Did you get a text about a package you weren’t expecting? It’s likely a scam

Scammers are using text messages to target consumers

Text message scams
Text message scams

A popular tactic by scammers has triggered an alert from Texas Attorney General Ken Paxton.

The newest scam uses text messages that include false package delivery notices and a fraudulent link that will request credit card and personal information.

The messages claim a package is pending delivery and requests recipients to “claim ownership," according to the alert.

If you receive a suspicious text message, the alert advises you to take the following steps:

  • Do not click on any links.
  • Do not respond to the message, share the message, or give out any personal, financial or identifying information.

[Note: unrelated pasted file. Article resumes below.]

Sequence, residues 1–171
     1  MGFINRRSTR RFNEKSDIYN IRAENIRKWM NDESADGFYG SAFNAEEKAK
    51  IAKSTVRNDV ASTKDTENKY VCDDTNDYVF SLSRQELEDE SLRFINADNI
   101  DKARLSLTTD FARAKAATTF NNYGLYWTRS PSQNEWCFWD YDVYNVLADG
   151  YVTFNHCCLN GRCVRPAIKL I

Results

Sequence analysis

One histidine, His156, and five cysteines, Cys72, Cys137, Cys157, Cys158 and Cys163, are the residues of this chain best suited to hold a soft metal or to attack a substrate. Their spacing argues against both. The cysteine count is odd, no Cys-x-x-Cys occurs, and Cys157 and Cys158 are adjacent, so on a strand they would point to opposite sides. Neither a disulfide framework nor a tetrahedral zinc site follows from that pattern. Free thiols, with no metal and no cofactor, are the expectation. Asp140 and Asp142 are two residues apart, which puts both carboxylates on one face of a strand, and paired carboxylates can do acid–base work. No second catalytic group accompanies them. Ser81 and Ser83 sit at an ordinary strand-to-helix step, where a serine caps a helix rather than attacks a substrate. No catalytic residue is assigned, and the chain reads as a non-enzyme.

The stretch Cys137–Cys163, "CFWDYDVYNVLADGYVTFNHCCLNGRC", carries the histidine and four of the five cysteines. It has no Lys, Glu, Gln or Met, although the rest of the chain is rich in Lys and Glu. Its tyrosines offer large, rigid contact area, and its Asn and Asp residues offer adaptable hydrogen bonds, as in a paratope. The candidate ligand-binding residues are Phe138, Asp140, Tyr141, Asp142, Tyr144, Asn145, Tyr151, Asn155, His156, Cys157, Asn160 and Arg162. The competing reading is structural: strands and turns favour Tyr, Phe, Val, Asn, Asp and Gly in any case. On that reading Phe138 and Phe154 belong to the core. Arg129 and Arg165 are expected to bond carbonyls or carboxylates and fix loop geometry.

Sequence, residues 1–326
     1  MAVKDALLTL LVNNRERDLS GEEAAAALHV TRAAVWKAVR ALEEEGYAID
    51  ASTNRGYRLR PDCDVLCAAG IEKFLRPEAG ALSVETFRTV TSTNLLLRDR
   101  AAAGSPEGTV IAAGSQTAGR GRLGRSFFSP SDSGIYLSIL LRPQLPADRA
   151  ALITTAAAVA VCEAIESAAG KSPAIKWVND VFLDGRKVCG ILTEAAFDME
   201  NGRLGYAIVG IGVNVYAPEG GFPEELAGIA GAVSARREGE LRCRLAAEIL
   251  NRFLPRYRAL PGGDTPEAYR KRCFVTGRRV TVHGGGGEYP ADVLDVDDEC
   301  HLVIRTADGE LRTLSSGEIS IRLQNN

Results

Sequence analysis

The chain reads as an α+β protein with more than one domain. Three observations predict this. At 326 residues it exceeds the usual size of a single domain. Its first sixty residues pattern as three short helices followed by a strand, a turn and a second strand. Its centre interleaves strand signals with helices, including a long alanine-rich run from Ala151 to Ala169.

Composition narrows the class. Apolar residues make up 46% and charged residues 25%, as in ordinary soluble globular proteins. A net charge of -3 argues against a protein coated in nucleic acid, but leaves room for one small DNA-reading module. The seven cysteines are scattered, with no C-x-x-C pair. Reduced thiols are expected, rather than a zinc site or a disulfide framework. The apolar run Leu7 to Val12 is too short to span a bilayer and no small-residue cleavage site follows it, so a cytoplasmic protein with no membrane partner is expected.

• Delete the message and block the number that sent the message.
  • Report the phone number and message contents to the Office of the Attorney General or the Federal Trade Commission.

Major shipping companies, including Amazon, DHL, FedEx and UPS do not use text messaging services to contact consumers.

“Unsolicited text messages, particularly those containing unfamiliar links or purporting to come from a company you have not contacted first, should always be treated with caution,” according to the alert.

Any suspected fraud can be reported to the attorney general’s Consumer Protection Division at 1-800-621-0508 or by filing an online complaint here.

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